2.4 Failing agreement, management has some powerful means available to try and enforce consent, including locking out employees who resist or retrenching those who refuse to agree. The latter option requires great caution on the part of the employer because of certain relevant legal constraints.
2.5 If the change does not involve agreed terms of employment but instead practices or rules that management had previously introduced unilaterally (eg no-smoking rules or performance standards) management does not require employees' consent to implement and enforce the change, but is required to consult with affected staff first.
2.6 Section 64(4) of the LRA suggests that the only remedy available to employees when there is a dispute over a unilateral variation of terms, is to strike. However a unilateral variation of employment terms is nevertheless a breach of contract under the common law. Employees therefore retain their right to accept the employer's 'repudiation' of their contract and sue for damages or alternatively to hold the employer to the original contract.
2.7 The case law provides no clear answer to the question as to whether an employer may dismiss employees who refuse to comply with changes to their employment contract. This is partly because the answer depends on the facts of each particular case. It is therefore difficult for the legal adviser to indicate any one course of action with confidence. That being so it might well be that employees should seek to agree to as much as they consider to be reasonable and provided that the employer consults and motivates the changes first.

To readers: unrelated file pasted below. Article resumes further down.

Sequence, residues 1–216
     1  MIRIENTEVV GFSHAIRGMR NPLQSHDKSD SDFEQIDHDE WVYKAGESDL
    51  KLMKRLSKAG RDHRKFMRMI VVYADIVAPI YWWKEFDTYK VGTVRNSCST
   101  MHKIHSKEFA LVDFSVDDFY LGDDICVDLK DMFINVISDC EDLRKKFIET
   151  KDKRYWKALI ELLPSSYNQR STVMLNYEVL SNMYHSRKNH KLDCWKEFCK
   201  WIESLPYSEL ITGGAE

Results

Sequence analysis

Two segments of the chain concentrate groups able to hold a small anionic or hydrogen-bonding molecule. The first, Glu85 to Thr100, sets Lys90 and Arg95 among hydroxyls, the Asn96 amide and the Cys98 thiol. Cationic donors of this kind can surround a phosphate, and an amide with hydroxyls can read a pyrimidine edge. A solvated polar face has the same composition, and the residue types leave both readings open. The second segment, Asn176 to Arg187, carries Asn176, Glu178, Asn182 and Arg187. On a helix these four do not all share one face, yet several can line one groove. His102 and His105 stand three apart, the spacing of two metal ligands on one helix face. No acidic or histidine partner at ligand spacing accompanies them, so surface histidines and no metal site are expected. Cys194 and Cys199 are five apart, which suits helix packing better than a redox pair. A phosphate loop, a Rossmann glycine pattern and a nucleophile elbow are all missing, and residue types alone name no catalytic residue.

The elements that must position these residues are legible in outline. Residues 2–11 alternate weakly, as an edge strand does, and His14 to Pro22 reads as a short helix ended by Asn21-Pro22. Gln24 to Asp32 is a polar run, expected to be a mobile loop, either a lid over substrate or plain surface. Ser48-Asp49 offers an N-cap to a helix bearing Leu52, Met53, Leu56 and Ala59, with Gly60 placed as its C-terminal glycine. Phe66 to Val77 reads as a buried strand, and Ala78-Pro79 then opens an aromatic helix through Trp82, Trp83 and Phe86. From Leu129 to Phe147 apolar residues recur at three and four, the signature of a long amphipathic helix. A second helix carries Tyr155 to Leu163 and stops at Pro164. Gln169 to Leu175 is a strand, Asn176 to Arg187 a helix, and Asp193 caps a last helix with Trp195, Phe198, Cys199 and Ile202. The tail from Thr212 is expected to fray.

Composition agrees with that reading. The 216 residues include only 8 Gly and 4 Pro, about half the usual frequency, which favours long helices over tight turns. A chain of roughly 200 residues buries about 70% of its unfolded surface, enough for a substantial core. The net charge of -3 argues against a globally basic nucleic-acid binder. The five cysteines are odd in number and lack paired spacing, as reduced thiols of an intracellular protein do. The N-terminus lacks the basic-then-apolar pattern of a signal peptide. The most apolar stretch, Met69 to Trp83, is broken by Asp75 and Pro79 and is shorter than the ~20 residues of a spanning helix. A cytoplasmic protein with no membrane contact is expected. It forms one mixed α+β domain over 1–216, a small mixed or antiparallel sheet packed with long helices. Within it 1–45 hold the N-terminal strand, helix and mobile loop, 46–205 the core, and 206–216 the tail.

2.8 It needs to be said that if employees play too hardball with an employer who has a genuine 'commercial rationale' for the variations, they run the risk (depending on the court's view of the facts) of retrenchment, alternatively being dismissed on the basis of misconduct (insubordination). Care should therefore be taken that, while remaining firm on their rights, employees do not expose themselves to the point where the employer considers that it would be justified in trying to dismiss them.
3. LABOUR LAW PROVISIONS REGARDING TRANSFERS OF BUSINESSES